Indians in America watched with tears of joy when Kamala Devi Harris, daughter of an Indian mother and a Jamaican father, took the oath as Vice President of the United States of America, watched by billions of people across the world.
As Joe Biden, the 46th President of the United States, took over, a wave of elation washed over the United States.
Harris, 56, sporting a purple coat, walked hand in hand with her husband, Douglas Emhoff. She took the oath by placing her left hand on two Bibles, and her right hand raised.
One of the Bibles belongs to Regina Shelton, a black woman who was an emotional anchor during Harris’s early years in California. The other Bible belongs to the late civil rights icon and Supreme Court Justice Thurgood Marshall.
Supreme Court Justice Sonia Sotomayor administered the oath.
It was the American dream coming to fruition. Kamala Harris’s parents fell in love at the University of California, Berkeley, while participating in the civil rights movement.
Harris’s father, Donald J Harris, emeritus professor of economics at Stanford, a Jamaican immigrant came the US in the 1960s and her late mother Shyamala Gopalan, a cancer researcher, divorced when Harris was five years old and had an infant sibling, Maya Harris.
Kamala Harris is known as a fearless tigress in public life, a debater who can shred her opponent to bits. She also cooks daal and paneer for her husband.
At the Democratic Convention in California in 2016, this reporter had asked Emhoff if Harris cooked Indian food at home. “Yes, daal and paneer,” he had said.
The Indian-American community was awash with a sense of achievement as Harris took oath.
MR Rangaswami, the founder of Indiaspora, who was very much involved in helping create momentum after Harris was selected as Joe Biden’s running mate, told indica News that he felt “mighty proud as an Indian American when I saw Kamala take her oath.”
He added: “The daughter of an Indian immigrant just became the Vice President of the United States of America. An amazing moment in our history that we will treasure forever!”
Neil Makhija, executive director of Impact, the leading Indian American advocacy organization and PAC, echoed Rangaswami.
“Generations of immigrants came to our country for a better life for their children. Today, the daughter of an Indian immigrant, who made dosas on the campaign trail, and spoke to her chithis in her nomination speech, took her oath of office as Vice-President of the United States. And as Kamala Harris takes her place in the American story, the hearts of her countrymen and women are swelling with pride and hope for the future,” said Makhija.
“The inauguration of Kamala Devi Harris is not only the culmination of an American dream but marks the launching of millions of new dreams,” he added.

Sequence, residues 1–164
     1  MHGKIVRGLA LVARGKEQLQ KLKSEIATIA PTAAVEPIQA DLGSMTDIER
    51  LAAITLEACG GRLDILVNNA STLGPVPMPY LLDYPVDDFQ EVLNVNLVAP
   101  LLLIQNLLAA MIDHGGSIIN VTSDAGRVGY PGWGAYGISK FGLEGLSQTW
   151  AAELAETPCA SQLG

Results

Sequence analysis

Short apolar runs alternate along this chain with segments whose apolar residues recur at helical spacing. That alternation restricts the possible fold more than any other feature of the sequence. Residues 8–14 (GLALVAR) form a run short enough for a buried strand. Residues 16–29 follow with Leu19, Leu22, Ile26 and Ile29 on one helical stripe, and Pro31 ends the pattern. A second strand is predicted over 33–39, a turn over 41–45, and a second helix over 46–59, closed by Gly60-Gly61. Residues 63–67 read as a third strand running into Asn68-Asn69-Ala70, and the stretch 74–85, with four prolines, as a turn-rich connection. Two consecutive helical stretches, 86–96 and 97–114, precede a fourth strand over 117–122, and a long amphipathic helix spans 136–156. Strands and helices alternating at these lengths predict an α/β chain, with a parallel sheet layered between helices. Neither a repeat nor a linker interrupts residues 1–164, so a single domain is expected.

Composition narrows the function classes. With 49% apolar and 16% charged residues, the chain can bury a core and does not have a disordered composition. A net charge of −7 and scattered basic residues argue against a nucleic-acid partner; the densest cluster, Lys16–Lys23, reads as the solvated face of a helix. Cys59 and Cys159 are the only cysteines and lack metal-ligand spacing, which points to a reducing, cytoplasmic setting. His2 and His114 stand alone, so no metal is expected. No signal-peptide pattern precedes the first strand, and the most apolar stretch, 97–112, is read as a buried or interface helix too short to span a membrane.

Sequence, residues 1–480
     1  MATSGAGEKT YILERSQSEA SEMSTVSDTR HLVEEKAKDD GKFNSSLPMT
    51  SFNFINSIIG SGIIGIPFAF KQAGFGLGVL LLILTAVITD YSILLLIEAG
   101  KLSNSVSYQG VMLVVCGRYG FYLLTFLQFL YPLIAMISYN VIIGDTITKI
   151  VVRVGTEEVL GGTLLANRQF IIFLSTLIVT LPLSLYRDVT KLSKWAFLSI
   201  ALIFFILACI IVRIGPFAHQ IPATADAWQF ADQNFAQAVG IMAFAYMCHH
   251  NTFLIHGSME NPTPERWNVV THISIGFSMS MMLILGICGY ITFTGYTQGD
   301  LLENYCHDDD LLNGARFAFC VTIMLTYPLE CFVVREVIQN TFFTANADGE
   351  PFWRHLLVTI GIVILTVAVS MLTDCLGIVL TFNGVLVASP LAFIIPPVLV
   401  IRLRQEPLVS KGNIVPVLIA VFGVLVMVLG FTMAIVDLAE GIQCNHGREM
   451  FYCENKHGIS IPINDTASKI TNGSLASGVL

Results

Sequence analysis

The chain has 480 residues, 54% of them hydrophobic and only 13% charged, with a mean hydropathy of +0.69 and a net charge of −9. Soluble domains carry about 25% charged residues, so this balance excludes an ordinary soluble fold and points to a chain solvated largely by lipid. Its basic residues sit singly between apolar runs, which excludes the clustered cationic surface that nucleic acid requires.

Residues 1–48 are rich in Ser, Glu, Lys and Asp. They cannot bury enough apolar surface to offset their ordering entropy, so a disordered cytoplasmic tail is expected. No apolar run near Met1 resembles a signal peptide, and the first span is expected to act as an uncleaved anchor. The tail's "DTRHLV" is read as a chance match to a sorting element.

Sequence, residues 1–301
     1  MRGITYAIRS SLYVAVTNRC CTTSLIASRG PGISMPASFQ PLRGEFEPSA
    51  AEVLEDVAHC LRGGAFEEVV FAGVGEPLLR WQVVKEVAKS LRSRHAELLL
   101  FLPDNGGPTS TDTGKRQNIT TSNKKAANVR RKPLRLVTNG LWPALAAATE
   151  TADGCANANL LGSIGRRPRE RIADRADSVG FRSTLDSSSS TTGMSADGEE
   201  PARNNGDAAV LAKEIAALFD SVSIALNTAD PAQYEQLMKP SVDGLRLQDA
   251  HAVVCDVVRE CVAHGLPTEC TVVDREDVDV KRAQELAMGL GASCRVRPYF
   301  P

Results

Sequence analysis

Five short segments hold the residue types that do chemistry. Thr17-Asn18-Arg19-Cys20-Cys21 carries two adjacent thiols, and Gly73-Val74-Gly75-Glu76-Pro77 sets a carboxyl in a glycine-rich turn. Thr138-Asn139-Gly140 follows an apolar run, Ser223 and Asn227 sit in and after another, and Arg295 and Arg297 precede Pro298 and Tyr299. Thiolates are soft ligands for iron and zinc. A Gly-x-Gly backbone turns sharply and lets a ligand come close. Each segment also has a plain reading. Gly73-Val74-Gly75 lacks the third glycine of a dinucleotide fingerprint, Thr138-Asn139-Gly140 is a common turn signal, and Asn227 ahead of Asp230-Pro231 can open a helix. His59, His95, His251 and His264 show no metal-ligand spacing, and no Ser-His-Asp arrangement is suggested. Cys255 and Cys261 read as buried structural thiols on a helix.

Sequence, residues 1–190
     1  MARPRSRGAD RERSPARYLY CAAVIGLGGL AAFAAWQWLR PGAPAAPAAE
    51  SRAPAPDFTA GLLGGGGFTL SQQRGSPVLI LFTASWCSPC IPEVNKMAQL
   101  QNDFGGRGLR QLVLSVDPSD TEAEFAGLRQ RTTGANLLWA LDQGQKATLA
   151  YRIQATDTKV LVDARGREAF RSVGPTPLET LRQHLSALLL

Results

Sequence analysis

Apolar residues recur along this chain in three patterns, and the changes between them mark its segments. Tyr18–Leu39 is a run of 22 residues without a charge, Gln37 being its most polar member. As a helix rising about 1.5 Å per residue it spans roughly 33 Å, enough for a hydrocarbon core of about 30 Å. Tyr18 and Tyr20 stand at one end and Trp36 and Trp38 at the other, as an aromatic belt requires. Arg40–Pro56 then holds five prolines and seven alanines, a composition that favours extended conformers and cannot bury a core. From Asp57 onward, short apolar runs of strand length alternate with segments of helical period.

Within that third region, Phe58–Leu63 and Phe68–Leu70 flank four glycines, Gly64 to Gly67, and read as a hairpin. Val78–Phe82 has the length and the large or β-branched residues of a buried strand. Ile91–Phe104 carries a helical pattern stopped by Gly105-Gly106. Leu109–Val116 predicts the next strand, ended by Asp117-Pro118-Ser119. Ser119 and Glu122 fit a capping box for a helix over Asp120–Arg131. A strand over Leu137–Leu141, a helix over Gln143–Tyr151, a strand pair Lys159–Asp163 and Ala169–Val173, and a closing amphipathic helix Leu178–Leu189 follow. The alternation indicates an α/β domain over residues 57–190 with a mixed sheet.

“Beginning today, a generation of American children will grow up knowing an Indian-American and black woman as Vice President of the United States. As Vice President Harris has said, she may be the first, but she won’t be the last. And, with her as an inspiration, we look forward to helping the next generation prove her right.”
Harris’s sister Maya Harris, who was seen with her family at the inaugural venue, tweeted: “Whew, missing Mommy this morning.”
California-based physician Dr Jasbir Kang said Kamala Harris’s story was something that was part of what makes America great.
“Despite challenges and barriers, it is the greatness of America that an immigrant’s child can become Vice President of the most powerful country in the world. My salute to American Constitution and its people,” Kang told indica News.
The sense of joy pervaded all sections of Indians in America.
AGK Karunakaran, TiE Silicon Valley president, told indica News: “Vice President Kamala Harris is an inspiration and is a model for anyone to aspire for leadership roles. The future is bright for women who want to be entrepreneurs and leaders in America.”
Radhika Iyengar, TiE Silicon Valley board member, said: “For many of us here and globally, this was a momentous day, marking the triumph of democracy and renewing our hope for better tomorrows.”
“As a woman of color, a South Asian, and a ‘TamBram’, it was especially poignant for me. With tears of joy, I watched as Kamala Devi Harris, born to immigrant parents, took her oath of office as our Madam Vice President. What an incredible journey!”
TiE board member Mini Suri said: “I have tears of joy and lots of hope for future women to aim higher and believe that no glass is tough to shatter if there is a will.”
Another TiE Silicon Valley board member, Dipty Desai, said Harris had shattered stereotypes.
“She is a straight shooter. She does not bullshit! And she means business. There
is a lot to admire about her,” Desai said. “Our country is built by immigrants moving to America in search for a better life. Her family is no exception and she understands that better than our old President. She understands the values this country has been built upon and will continue to support them through her reign unlike the divided front of yesterday!”
[Photo courtesy: Twitter Maya Harris posted